No it isn't. Let me clear the statement to you first. The minimum percentage aggregate required for admission to any college is not fixed. It changes every year and in some cases, drastically. Be it for the high or the low. Like from 2010 to 2014, the least percentage aggregate (I'm going to call it merit from now on) for King Edward was on a rise.  And it became the highest in 2013-14 admissions when it rose to 90.8% now, my aggregate was 90.4995% which was obviously not enough to merit admission in K.E. But lucky for me, and thousands of others, the merit fell. It went from 86 point something to 85.8% and miraculously K.E's merit also dropped from 90.8 to 90.2. And here I am, in K.E.

This is to show you that merit can rise or fall. It is not absolute.

Myth: Eating chocolates before the test helps

Well. Can't really say anything about this. It hasn't worked for me in any exam, so... 

Now, some tips for the upcoming MCAT:
  1. Don't take stress. Stress is not going to help at all, it'll just make matters worse. I took a lot of stress during the test too, and that led to a much lower score than I expected to achieve. So clear your mind of all stresses when you enter the exam hall.
  2. Pray regularly. Prayers are extremely important if you want to get good marks. Working hard and praying hard is the way to go.
  3. Do not take it easy. If you have a good score in FSc, even in 1000s, do not relax for a second because MCAT is largely a game of luck. Anything can happen in those 3 hours and whatever good or bad happens in them, is going to change your life from that point on. I'm not in favor of terrorising students before the test, but this is a very crucial test. Yes it is easy, as I have stated earlier, but it does not mean that you start taking it easy.
  4. Do not completely quit social media, just reduce it to less than half and hour each day. I will not tell you to deactivate the accounts on all social media, because it never works out and you activate it the next minute. I will, however, advise you to keep it to a minimum. Like, make a schedule for the day and keep short 10 minute breaks once or twice per day for Facebook and other stuff. Quitting it completely will stress you out of your mind, so we don't want that.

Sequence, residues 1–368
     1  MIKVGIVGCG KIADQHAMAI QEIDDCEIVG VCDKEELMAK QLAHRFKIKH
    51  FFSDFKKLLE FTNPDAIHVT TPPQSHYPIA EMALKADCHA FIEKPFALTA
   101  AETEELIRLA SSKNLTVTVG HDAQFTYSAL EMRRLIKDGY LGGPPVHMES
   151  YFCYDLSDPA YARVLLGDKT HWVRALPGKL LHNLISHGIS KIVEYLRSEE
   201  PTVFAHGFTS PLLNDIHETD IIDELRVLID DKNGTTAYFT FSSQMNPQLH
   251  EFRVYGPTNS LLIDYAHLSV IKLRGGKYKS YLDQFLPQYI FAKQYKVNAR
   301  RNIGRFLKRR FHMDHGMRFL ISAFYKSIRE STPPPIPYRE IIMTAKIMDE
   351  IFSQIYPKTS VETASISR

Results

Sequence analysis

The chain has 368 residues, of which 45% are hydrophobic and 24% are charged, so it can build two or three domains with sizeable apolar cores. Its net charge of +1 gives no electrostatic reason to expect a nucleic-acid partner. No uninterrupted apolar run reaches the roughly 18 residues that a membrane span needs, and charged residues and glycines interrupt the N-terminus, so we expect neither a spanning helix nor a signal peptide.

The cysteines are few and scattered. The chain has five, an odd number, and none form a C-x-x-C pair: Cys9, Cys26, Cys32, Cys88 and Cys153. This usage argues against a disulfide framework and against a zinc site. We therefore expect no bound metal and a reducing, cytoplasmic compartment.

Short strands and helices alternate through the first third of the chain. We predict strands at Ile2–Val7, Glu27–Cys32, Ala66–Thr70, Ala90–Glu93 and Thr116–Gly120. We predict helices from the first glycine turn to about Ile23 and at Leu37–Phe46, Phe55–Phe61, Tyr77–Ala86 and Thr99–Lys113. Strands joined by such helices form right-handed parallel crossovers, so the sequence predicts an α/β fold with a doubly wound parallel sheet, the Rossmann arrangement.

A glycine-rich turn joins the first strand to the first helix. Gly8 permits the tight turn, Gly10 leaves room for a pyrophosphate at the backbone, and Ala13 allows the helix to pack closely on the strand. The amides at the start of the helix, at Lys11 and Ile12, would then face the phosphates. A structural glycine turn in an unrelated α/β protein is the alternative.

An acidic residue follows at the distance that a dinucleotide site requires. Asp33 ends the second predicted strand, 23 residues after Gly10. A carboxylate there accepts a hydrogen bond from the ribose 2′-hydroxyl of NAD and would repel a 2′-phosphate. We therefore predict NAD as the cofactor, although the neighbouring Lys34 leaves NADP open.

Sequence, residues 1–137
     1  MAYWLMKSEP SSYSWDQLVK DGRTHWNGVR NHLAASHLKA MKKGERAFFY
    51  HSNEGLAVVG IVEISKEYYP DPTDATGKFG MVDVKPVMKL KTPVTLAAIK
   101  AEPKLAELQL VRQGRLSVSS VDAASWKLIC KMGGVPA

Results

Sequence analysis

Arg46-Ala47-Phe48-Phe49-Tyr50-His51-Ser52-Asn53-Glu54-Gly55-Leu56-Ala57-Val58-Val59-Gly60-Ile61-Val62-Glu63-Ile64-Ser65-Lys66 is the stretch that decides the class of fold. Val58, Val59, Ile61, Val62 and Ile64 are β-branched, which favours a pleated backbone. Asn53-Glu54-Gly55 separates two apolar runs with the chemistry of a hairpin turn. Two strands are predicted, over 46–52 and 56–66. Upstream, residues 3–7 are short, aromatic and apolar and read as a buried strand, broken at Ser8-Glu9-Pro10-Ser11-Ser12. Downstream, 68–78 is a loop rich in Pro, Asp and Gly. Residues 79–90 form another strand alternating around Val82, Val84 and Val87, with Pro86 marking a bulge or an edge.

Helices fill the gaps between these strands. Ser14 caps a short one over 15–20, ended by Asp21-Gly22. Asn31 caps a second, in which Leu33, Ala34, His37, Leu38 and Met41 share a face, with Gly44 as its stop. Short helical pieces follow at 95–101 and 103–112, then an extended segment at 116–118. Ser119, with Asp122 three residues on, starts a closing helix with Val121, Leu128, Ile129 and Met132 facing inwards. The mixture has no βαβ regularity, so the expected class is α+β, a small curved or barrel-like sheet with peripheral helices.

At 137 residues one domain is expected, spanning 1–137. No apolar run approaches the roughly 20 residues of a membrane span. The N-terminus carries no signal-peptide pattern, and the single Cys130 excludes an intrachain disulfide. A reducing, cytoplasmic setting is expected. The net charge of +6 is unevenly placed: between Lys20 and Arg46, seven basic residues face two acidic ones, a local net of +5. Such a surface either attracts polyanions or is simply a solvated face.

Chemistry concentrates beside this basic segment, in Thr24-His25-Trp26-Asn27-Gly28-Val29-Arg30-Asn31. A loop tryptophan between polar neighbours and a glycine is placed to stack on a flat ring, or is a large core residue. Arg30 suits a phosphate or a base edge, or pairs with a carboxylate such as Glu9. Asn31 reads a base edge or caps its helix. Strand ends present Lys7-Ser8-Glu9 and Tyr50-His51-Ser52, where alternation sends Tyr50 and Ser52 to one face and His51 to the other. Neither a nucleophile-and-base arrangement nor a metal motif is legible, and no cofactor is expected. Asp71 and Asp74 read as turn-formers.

5. Do not waste time. I repeat, do not waste time. Because you are going to get 3 months of solid holidays, which are quite frankly the best holidays ever. There is no stress of college or university, just plain free time. Enjoy in that, study now.
  6. Remain optimistic. Pessimism has never yielded any good results. Keep your hopes up and Insha'Allah you'll get what you want to.
  7. When you sit for the actual test, don't take stress at all. If any MCQ is taking a toll at your time, leave that for the time being and move on. It is very important to attempt all MCQs (that you do know) and that should be your first priority. Also, if you don't know the answer to one despite scratching your head for minutes it is better to leave it unattempted than attempting it wrong. Remember, there is negative marking.
  8. Stick to your books. All the kips books except the English synonyms /vocabulary book are utterly useless. And should only be used to practice MCQs.
  9. Limit your outings for the time being. You'll get plenty of time both in the holidays and the MBBS year to go out with friends.
  10. I think I'm being repetitive with this but it is very important that you don't lose hope if you don't get the score you expected. In the end, it is all going to be fine, and Allah definitely has a very good plan in store for you. I didn't get the score I hoped for, and my aggregate was less (for K.E). But I still made it to my dream institution. Well, if I did, so can you!
Lastly, I wish the very best of luck to everyone out there. I hope you all get amazing marks and make it to your dream colleges. Ameen.